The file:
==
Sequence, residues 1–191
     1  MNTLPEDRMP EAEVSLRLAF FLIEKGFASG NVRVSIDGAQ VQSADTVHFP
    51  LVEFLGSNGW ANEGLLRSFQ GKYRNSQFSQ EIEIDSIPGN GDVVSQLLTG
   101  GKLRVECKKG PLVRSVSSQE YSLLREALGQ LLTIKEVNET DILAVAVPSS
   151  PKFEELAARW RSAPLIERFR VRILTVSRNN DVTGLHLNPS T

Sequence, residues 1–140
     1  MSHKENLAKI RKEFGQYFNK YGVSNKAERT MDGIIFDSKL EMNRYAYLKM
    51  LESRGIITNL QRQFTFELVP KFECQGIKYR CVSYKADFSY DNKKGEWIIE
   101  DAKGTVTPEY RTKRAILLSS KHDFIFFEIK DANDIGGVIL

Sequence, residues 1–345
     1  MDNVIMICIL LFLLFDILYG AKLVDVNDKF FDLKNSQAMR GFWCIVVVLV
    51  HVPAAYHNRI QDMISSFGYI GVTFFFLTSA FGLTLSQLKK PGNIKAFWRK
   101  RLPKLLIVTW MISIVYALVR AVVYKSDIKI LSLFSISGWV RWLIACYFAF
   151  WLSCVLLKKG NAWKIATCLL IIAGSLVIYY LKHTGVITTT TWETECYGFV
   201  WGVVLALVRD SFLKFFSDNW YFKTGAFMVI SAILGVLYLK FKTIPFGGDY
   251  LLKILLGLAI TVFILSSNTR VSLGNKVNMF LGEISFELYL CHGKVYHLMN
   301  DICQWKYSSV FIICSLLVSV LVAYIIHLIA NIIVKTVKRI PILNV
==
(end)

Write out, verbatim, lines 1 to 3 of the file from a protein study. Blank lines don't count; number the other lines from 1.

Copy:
Sequence, residues 1–191
     1  MNTLPEDRMP EAEVSLRLAF FLIEKGFASG NVRVSIDGAQ VQSADTVHFP
    51  LVEFLGSNGW ANEGLLRSFQ GKYRNSQFSQ EIEIDSIPGN GDVVSQLLTG